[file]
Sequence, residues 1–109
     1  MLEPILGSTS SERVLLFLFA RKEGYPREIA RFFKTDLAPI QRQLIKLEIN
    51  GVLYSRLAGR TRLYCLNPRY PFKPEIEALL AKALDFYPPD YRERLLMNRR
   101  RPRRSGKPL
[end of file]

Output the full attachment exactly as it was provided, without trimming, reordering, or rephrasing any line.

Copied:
Sequence, residues 1–109
     1  MLEPILGSTS SERVLLFLFA RKEGYPREIA RFFKTDLAPI QRQLIKLEIN
    51  GVLYSRLAGR TRLYCLNPRY PFKPEIEALL AKALDFYPPD YRERLLMNRR
   101  RPRRSGKPL